Among the 445 patients who were tested for SEZ6, 86% had SEZ6 expression on 1% or more tumor cells at 1+ or above, and 55% had expression on 25% or more tumor cells at 1+ or above, which was required to enroll to the 1-mg/kg expansion cohort.

Across the total cohort and the 1-mg/kg expansion cohort, the median age was 63 years (range, 41-79) and 50.5% were female. Most patients had extensive disease (73% vs 85%, respectively) at diagnosis by Veterans Administration Lung Study group staging criteria, received prior PD-1/PD-L1 therapy (77% vs 88%), and had an ECOG performance status of 1 (80%, both). About 32.5% of patients across cohorts had brain metastases at baseline.

In the total cohort, 33% of patients received 1 prior line of therapy, 41% received 2 prior lines, 23% received 3 more lines, and 3% received more than 3 prior lines; these rates were 30%, 55%, 15%, and 0%, respectively, in the 1-mg/kg cohort. In the total cohort, the chemotherapy-free interval (CTFI) was less than 90 days in 34% of patients, 90 days or longer in 63% of patients, and unknown for 3% of patients. In the 1-mg/kg cohort, 30% and 65% of patients had CTIFs of less than 90 days or 90 days or greater, respectively; this information was unknown for 5% of patients.

At the time of data cutoff, 8% of patients in the 1-mg/kg cohort were still receiving treatment with ABBV-011. The median duration of treatment with the ADC was 12 weeks (range, 2-63).

Additional efficacy data showed that in all 40 patients in the 1-mg/kg cohort, the 3-month estimated PFS rate was 54% (95% CI, 37%-68%); the 6-month and 9-month rates were 20% (95% CI, 9%-34%) and 3% (95% CI, 0%-14%), respectively.

In the subset of patients who received 1 prior line of treatment, the estimated PFS rates at 3, 6, and 9 months were 73% (95% CI, 38%-91%), 42% (95% CI, 13%-69%), and 14% (95% CI, 1%-45%), respectively. In the group of patients who previously received 2 or more lines of therapy, the 3- and 6-month PFS rates were 46% (95% CI, 27%-63%) and 12% (95% CI, 3%-27%), respectively.

Antitumor activity was also examined by first-line platinum sensitivity in this cohort. In those who had a CTIF of less than 90 days (n = 12), or those who were platinum resistant, the confirmed ORR with ABBV-011 was 25% (95% CI, 5%-57%), with a CBR of 58% (95% CI, 28%-85%). For 33% (95% CI, 10%-65%) of these patients, the CBR lasted for longer than 12 weeks. The median PFS in this group was 3.0 months (95% CI, 1.2-3.9).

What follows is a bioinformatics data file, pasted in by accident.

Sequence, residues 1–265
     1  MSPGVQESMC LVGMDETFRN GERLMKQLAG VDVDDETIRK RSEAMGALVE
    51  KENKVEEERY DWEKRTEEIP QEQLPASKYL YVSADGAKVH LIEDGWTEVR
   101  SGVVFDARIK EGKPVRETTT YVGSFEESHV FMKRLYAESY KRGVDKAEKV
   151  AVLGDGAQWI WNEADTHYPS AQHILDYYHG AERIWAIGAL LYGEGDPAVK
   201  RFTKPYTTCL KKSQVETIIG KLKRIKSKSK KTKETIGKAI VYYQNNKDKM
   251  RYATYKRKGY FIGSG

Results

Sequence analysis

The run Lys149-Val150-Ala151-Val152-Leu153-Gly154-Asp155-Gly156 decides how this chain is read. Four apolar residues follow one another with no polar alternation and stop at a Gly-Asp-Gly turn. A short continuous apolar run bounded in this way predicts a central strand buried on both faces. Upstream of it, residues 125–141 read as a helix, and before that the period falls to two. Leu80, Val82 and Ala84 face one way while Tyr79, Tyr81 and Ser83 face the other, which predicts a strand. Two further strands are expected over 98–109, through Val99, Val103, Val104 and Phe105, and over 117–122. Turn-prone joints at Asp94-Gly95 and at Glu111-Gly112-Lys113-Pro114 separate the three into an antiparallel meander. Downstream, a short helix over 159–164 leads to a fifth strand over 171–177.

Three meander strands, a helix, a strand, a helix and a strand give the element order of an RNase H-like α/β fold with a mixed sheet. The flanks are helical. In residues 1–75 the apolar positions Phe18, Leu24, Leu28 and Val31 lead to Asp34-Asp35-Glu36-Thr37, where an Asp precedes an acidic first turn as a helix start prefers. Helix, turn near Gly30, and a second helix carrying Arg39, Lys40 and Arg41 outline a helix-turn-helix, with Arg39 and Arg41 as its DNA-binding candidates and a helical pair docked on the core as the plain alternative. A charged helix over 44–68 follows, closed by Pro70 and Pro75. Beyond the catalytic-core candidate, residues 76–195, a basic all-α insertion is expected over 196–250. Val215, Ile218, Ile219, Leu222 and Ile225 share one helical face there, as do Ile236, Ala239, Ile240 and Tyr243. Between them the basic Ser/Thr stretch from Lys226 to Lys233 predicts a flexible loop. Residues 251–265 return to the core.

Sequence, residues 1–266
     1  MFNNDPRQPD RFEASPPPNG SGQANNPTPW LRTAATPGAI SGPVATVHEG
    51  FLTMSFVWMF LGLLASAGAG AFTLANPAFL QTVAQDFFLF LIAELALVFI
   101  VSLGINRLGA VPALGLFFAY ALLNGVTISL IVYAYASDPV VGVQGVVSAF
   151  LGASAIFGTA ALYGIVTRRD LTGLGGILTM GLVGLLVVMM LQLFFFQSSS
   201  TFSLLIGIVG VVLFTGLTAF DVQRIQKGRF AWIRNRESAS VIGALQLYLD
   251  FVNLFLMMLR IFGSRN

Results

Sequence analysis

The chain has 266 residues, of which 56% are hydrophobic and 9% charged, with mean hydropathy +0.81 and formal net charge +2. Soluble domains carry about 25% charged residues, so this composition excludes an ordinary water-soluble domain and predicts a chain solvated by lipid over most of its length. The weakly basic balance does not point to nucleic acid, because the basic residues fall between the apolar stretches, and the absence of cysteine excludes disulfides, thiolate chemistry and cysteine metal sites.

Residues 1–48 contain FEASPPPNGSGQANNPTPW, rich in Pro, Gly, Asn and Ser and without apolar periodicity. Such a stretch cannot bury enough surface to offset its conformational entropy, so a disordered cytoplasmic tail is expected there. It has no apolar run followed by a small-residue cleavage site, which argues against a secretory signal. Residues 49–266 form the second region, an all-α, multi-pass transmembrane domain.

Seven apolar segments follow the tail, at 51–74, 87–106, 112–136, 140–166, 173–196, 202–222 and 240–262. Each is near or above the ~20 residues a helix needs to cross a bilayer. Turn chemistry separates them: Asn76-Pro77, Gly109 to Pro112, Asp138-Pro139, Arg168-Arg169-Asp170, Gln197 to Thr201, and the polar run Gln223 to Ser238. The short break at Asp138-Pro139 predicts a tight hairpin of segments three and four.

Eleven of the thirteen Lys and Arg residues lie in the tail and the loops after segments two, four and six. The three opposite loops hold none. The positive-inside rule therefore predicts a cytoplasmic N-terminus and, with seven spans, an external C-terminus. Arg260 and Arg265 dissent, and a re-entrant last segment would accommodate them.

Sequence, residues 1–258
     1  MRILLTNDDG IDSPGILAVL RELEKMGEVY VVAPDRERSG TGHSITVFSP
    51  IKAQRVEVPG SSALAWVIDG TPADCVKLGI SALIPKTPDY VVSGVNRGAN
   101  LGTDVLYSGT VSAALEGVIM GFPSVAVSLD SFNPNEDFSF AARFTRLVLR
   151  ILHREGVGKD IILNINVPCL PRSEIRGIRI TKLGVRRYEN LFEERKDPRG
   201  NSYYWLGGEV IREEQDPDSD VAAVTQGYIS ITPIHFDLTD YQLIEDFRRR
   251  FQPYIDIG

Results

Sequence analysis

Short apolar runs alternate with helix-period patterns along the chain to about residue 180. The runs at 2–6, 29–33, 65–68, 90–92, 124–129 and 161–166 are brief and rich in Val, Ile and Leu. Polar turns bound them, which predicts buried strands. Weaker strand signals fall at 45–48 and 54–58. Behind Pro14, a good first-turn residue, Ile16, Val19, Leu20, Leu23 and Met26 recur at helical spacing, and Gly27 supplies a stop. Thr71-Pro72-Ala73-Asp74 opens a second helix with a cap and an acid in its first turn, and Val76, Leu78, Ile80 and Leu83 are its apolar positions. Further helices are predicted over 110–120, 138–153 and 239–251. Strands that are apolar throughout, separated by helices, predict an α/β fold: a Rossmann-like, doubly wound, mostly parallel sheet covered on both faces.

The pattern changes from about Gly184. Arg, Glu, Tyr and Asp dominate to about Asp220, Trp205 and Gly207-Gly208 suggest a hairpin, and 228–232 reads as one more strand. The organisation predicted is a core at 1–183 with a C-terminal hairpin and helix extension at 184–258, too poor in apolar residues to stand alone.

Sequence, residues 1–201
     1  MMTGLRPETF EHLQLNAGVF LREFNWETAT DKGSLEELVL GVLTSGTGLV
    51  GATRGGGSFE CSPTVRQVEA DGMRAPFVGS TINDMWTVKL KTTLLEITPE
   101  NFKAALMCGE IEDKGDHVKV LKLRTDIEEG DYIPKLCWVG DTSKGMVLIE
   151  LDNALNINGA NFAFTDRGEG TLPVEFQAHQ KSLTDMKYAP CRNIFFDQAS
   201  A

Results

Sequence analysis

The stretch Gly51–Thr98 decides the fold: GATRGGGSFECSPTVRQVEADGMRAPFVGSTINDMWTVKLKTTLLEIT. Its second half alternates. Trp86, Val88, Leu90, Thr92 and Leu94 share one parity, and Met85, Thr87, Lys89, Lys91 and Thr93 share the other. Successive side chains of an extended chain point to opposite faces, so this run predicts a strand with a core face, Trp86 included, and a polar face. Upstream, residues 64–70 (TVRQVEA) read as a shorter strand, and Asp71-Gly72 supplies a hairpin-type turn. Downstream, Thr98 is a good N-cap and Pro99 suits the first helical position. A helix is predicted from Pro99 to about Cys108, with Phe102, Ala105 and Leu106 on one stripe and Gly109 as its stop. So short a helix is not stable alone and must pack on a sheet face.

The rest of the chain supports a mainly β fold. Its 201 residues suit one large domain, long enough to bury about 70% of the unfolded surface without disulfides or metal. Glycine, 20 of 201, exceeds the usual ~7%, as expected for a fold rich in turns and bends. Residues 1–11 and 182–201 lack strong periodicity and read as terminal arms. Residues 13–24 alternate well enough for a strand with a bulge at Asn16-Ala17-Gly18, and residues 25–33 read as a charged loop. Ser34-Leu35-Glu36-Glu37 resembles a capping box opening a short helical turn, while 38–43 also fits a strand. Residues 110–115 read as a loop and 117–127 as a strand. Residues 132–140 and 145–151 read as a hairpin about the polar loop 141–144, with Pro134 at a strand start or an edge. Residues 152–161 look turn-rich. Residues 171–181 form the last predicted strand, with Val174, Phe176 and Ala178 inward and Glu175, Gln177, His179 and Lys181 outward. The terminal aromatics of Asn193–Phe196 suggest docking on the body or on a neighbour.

In those with a CTIF of 90 days or longer (n = 26), in those who were platinum sensitive, the confirmed ORR with the ADC was 27% (95% CI, 12%-48%), with a CBR of 69% (95% CI, 48%-86%). Half of these patients had a CBR that lasted for longer than 12 weeks. Additionally, the median PFS in this group was 4.1 months (95% CI, 1.5-5.8).

Any-grade treatment-emergent adverse effects (TEAEs) were reported in 98% of those in the 1-mg/kg cohort and 97% of those in the total population; grade 3 or higher TEAEs occurred in 65% and 64% of patients, respectively. Serious TEAEs were experienced by 45% of those who received the agent at 1 mg/kg and 41% of those in the total population.

Moreover, treatment-related AEs (TRAEs) were experienced by 78% and 77% of those in the 1-mg/kg cohort and the total population, respectively. TRAEs resulted in discontinuation for 8% and 13% of patients, respectively; they resulted in dose reductions for 15% and 8% of patients, respectively, and dose interruptions in 30% and 29% of patients, respectively.

No deaths related to study treatment occurred, and no on-target neurotoxicity was observed.

The most common TEAEs observed in 20% or more of patients in the 1-mg/kg cohort included fatigue (all-grade, 48%; grade ≥3, 10%), nausea (45%; 3%), decreased appetite (38%; 0%), decreased platelet count (38%; 10%), vomiting (35%; 3%), increased aspartate aminotransferase (15%; 0%), constipation (28%; 0%), and increased GGT (13%; 5%).

Additional hepatotoxicity TEAEs of special interest included hyperbilirubinemia (18%; 3%), ascites (10%; 0%), veno-occlusive liver disease (3%; 3%), and portal hypertension (3%; 3%).

Across the dose range of 0.3 mg/kg to 2.0 mg/kg, the PK for ABBV-011 were approximately dose proportional, according to Morgensztern. The elimination half-life for the agent was 4.6 days. In the 1-mg/kg cohort, the mean Tmax was 0.5h (0.5-24.0), Cmax was 24.2 µg/mL (25.6-34), and AUC21d was 92.2 µg/day/mL (98.1-40).

Editor’s Note: Dr Morgensztern disclosed that he has stock ownership in Abbott Laboratories and Bristol-Myers Squibb/Medarex. He has a consulting or advisory role at Abbvie, Arcus Biosciences, Bristol-Myers Squibb, G1 Therapeutics, Lilly Medical, and Mirati Therapeutics. Research funding has also been received by Abbvie (Inst), Altum Pharmaceuticals (Inst), Artcus Biosciences (Inst), Array BioPharma (Inst), AstraZeneca (Inst), Baxter (Inst), Boehringer Ingelheim (Inst), Bristol-Myers Squibb (Inst), Celgene (Inst), EpicentRx (Inst), Heat Biologics (Inst), Incyte (Inst), Merck (Inst), Pfizer (Inst), Roche (Inst), Surface Oncology (Inst), and Y-mAbs Therapeutics (Inst).


  1. Morgensztern D, Ready NE, Johnson ML, et al. First-in-human study of ABBV-011, a seizure-related homolog protein 6 (SEZ6)–targeting antibody-drug conjugate, in patients with small cell lung cancer. J Clin Oncol. 2023;41(suppl 16):3002. doi:10.1200/JCO.2023.41_suppl.16.3002
  2. A study of ABBV-011 alone and in combination with budigalimab (ABBV-181) in participants with relapsed or refractory small cell lung cancer. Updated May 16, 2023. Accessed June 5, 2023.